“If you believe in yourself, who you are, where you came from, your culture and more importantly your language, it will take you to places you have never even dreamed of.” – Steve Wood, founder of Northern Cree Singers
For the 75th season, Royal Winnipeg Ballet wanted to open with a ballet that represented Winnipeg in a unique way. The RWB chose to present one of the darkest chapters in Canada’s history: residential schools and the forced assimilation of the indigenous people. Andre Lewis told CBC, “Winnipeg and Manitoba has a large Aboriginal presence, and to include them and be part of the solution for this made total sense.”
Using the arts to connect the non-indigenous and indigenous to illustrate the separation there was between the two was something that I was honoured to be a witness to. Intricate symbolism, contemporary movement, and Aboriginal music was mixed with a traditional European dance, ballet, to tell the story and represent the culture of Aboriginal people beautifully.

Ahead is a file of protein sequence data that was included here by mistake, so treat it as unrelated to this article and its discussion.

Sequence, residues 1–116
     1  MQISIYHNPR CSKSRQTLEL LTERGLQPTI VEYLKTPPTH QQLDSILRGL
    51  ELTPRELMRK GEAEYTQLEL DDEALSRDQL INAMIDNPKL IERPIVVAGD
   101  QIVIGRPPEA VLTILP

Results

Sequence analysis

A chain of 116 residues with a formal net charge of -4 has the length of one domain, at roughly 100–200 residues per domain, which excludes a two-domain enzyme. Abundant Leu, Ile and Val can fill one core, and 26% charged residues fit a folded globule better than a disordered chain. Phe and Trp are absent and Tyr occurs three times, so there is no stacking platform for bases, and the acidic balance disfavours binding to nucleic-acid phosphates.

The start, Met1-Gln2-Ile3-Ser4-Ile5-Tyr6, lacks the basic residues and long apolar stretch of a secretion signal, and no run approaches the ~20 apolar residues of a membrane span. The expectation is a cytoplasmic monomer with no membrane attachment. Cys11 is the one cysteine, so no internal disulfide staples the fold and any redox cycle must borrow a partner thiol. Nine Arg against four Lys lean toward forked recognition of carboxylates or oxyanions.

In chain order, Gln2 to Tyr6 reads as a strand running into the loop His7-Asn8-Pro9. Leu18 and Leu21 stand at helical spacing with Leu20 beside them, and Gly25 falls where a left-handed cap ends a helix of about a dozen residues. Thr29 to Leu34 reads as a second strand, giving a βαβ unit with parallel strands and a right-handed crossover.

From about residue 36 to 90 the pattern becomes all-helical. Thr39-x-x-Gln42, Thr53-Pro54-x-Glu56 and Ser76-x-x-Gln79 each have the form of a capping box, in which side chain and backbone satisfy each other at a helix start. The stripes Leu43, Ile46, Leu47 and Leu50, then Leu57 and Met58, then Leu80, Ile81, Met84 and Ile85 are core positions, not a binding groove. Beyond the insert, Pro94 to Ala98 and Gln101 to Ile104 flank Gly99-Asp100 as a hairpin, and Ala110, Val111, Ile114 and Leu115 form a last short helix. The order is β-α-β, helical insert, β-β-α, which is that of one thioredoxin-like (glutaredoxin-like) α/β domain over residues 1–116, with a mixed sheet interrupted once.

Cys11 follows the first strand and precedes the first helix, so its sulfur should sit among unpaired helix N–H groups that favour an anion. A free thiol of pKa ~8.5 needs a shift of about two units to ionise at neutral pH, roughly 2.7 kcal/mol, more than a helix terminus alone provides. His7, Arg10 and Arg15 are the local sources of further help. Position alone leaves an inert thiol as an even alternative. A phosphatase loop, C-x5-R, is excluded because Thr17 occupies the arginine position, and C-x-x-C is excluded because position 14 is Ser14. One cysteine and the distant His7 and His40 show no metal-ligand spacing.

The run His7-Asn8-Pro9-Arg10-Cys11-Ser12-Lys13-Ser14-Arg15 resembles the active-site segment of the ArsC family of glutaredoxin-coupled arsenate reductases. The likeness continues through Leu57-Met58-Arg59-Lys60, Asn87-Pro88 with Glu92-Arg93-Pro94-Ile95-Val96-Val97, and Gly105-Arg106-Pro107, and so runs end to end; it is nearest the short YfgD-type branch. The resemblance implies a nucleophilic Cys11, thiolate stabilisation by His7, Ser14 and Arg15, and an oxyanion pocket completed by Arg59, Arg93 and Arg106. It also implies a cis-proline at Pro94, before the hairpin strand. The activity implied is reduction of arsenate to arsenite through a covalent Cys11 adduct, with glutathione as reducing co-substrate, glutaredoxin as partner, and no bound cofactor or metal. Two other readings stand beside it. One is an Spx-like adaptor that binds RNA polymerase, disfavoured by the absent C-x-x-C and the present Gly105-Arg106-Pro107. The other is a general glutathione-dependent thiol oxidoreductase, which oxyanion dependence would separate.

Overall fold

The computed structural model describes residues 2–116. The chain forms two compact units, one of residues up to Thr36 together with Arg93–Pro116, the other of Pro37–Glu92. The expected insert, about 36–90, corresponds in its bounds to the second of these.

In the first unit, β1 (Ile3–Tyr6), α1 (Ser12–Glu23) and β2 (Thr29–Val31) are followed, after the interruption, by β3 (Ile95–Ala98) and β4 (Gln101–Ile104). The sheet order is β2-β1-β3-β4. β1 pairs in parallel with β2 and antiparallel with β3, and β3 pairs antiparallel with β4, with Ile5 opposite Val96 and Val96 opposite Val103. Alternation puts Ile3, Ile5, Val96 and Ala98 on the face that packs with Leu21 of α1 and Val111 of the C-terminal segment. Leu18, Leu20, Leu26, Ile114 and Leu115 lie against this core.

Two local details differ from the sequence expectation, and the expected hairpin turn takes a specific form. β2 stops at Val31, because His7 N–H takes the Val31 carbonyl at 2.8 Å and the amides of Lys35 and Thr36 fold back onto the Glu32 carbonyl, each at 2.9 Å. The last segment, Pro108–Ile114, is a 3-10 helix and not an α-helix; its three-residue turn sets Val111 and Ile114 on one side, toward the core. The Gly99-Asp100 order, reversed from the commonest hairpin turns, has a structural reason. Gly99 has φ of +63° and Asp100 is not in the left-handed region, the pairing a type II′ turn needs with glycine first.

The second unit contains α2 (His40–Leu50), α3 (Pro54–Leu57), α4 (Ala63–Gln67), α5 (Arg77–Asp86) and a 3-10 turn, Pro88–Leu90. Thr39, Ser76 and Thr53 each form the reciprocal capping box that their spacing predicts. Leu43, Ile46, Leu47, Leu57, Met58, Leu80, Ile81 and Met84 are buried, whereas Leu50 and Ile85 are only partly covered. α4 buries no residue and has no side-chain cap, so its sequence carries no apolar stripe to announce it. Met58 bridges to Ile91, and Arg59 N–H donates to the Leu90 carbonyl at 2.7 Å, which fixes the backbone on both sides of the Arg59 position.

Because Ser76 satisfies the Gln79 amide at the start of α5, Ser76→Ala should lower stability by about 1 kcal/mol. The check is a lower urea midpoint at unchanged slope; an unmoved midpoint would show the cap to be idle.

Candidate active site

Going Home Star tells the story of Annie, a contemporary First Nations woman, living disconnected from her culture, until she meets a homeless man who teaches her about her ancestors and the stories of children in residential schools. Joseph Boyden, the writer of the story, chose to set the story set in the past and the present, showing that the effects of residential schools carry on today.
The medium of dance communicated the dark facts of history in a deeply emotional way. The movements and music were haunting and dark. The story is drawn from testimonies of school survivors that experienced their culture being stripped away, their hair being sheared off, violent beatings, and, some even, sexual abuse. Though I knew these things happened, I felt them in an entirely new way as I watched them expressed through dance.
At the world premiere last night, the audience members consisted a mixed crowd of government officials, residential school survivors, and season ticket holders. Together, we watched and experienced a story that demands to be told over and over. As Andre Lewis said before the red curtain rose, “We are witnesses and agents of change of a story that we can never forget and never repeat.”
Post by Meghan Zahari – Photos by Vince Pahkala & Samanta Katz
Since she was little, Meghan has had a love for words and kept her nose firmly stuck in a book. Now, she’s a writer and a wife, with a baby on the way. She spends her days writing all kinds of stories for kids and working at a local stationery shop and a chiropractor’s office. She is also working on opening a donut and coffeeshop with her husband and brother-in-law.